Administration of a deceased person’s estate – proving the validity of a will
Probate is the official process to establish or prove, whether a deceased person’s will or testamentary document is valid and intended to be their last will.
A grant of probate is the document issued by the Court of Probate after the examination process. A type of grant of representation, it is an order of the Court certifying that the executor (or personal representative) named in the document is lawfully authorised to administer the estate of the deceased person.
A grant of probate is official recognition that the will (which may include codicils) was proved to be valid by the Court and intended to be their last will.
The Court has power to make a variety of orders in grants of representation including a grant of probate. With a grant the executor can then proceed to finalise the deceased estate,collect the property, pay debts, then distribute according to the terms of the will.
A grant of probate can only be sought in the state or territory where the deceased person owned property.
Is a grant of probate always required?
Not always, it depends on the size of the estate. And if not it can save considerable time and expense to the estate. Personal items such as furniture and household goods may be transferred to beneficiaries in accordance with the terms of the will in some situations. Factors to consider are the size of the estate, the value and nature of the property in it, debts of the deceased, whether the property would normally pass outside of a will, and how property was owned, can affect whether or not a grant is needed. But seek legal advice on the situation to be sure. Some general points follow.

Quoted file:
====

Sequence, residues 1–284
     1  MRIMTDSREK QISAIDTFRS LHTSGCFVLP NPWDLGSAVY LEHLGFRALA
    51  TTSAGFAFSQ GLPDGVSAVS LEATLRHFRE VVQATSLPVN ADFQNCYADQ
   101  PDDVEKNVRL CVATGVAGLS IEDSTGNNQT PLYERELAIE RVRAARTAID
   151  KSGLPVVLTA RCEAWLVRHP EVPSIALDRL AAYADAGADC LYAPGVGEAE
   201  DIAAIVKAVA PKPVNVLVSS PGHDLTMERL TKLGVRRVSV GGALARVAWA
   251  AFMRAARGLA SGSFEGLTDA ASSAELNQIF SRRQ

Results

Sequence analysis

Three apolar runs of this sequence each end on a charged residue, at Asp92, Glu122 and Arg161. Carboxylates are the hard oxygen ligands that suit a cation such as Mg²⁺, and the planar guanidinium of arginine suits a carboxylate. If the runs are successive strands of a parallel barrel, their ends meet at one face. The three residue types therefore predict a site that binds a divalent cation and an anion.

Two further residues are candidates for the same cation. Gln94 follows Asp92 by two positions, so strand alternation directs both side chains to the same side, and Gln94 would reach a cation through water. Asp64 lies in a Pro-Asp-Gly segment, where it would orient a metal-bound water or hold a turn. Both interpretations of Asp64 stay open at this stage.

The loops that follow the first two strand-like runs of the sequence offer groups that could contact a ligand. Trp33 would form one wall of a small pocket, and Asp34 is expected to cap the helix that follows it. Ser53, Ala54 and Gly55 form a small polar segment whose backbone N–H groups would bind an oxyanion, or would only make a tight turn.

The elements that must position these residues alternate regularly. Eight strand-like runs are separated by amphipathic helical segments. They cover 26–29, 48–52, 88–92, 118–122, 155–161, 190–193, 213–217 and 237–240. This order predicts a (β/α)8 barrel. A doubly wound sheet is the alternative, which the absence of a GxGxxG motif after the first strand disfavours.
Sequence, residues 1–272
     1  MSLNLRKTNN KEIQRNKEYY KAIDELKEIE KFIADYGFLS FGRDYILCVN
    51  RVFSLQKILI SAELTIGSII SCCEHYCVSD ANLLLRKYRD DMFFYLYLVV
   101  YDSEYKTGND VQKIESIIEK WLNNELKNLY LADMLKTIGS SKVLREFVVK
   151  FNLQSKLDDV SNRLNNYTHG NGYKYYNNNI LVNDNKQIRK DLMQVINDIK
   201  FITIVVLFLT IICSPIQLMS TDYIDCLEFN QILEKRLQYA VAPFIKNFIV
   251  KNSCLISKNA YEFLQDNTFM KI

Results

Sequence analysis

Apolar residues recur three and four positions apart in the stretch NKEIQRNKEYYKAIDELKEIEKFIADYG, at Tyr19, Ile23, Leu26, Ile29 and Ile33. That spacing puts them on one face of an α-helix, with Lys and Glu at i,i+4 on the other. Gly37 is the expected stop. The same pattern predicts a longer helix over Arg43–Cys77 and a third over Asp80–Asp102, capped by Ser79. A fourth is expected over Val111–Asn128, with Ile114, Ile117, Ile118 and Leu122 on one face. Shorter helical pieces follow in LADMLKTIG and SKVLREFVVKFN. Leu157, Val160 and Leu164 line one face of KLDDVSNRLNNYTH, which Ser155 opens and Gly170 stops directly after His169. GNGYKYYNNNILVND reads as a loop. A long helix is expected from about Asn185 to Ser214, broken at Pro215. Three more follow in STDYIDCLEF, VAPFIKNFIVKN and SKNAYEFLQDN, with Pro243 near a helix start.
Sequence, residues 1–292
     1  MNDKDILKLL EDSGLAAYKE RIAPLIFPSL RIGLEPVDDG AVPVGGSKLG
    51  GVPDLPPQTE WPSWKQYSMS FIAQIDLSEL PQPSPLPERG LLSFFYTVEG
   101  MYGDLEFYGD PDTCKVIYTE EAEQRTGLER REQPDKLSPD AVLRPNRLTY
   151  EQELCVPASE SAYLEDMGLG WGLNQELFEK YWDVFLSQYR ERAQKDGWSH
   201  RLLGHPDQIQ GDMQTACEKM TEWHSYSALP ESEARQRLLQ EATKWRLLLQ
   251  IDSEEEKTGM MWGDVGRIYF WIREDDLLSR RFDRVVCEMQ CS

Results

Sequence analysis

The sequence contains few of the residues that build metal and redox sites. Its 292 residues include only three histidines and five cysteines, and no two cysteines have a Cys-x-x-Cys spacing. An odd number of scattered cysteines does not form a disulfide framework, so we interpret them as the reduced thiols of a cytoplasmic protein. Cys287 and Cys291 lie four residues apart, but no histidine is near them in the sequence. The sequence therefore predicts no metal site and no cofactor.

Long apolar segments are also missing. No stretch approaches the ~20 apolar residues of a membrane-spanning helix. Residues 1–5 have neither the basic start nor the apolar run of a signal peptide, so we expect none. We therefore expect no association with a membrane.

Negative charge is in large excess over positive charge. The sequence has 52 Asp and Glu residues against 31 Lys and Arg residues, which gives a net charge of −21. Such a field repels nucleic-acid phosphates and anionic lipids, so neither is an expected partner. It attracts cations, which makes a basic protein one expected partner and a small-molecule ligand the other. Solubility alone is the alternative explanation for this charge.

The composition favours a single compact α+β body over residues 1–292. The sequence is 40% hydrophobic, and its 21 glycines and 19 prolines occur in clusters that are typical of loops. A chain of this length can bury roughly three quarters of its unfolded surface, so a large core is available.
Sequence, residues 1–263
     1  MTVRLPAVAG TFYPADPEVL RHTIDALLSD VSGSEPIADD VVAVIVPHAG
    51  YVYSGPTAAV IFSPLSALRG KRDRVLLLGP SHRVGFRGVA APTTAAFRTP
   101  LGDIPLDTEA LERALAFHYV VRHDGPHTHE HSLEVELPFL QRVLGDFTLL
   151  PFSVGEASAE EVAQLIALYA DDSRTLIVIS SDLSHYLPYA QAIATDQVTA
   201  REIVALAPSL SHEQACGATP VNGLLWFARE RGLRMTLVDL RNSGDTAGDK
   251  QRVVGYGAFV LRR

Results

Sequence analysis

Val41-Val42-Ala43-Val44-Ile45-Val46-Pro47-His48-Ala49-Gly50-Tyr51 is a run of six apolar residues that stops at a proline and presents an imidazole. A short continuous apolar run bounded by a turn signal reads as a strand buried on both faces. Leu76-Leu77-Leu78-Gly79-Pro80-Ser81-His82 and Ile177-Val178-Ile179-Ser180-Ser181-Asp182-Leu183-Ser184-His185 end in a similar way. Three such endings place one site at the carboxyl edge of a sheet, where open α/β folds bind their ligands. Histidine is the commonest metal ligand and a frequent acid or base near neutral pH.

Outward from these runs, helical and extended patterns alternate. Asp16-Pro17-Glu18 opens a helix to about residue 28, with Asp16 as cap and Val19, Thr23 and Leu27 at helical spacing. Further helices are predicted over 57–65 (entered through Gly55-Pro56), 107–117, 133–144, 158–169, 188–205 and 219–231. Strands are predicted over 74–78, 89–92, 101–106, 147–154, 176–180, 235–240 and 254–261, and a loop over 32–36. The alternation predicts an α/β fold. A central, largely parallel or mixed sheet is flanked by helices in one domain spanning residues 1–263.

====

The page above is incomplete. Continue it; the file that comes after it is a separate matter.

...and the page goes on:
Superannuation entitlements held in a trust are subject to the discretion of the trustee of the trust and whether or not the exercise of its discretion was to be affected by any death nomination left by the deceased. Generally speaking, funds are released to close family members without a grant of probate.
Life Insurance policies
Proceeds from a life insurance policy are normally distributed independently of a will and so a grant of probate should not be required. However this may be affected by the size of the policy, the owner of the policy, who may well be a spouse, partner or other dependent/s, and any directions left by the deceased as to whom proceeds should be paid to on death.
In small estates probate may not be necessary
When someone leaves a small estate in value, a grant of probate may not be required. Depending on the bank or financial institution’s policy, small amounts held in an account may be released to close family on presentation of a certified copy of the death certificate but without a grant of probate. Contact the relevant bank or building society to find out their policy and documentary requirements. Most have this information detailed online.
Small estates are those classified as having a minimal value of property. This value varies between states and territories ranging up to $100,000. Similarly each jurisdiction’s rules and procedures on finalising them without a grant of probate also varies. Contact the Probate Registry in the relevant state or territory where the deceased person lived to find information on the rules and procedures.
Where a small estate is required to have a grant of probate, some Probate Registries offer a small estates service, for example the Probate Registry of the Victorian Supreme Court, click here.
Any property owned jointly with another person, under a joint tenancy passes to the surviving owner/s without the need for a grant of representation (either by probate or letters of administration). This is because of the “right of survivorship” attached to a joint tenancy.
Problems with validity of the will